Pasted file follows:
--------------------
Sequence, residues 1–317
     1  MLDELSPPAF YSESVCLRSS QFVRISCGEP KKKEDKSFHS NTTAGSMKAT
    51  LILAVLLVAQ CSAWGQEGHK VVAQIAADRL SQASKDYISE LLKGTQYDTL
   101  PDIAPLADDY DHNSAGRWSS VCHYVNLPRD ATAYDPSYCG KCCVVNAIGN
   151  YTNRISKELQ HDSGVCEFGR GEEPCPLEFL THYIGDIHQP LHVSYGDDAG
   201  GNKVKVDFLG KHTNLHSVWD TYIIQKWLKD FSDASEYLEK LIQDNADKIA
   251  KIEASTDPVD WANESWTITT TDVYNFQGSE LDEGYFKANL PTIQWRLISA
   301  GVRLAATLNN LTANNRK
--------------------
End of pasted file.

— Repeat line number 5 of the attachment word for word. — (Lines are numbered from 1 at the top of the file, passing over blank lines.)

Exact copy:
   151  YTNRISKELQ HDSGVCEFGR GEEPCPLEFL THYIGDIHQP LHVSYGDDAG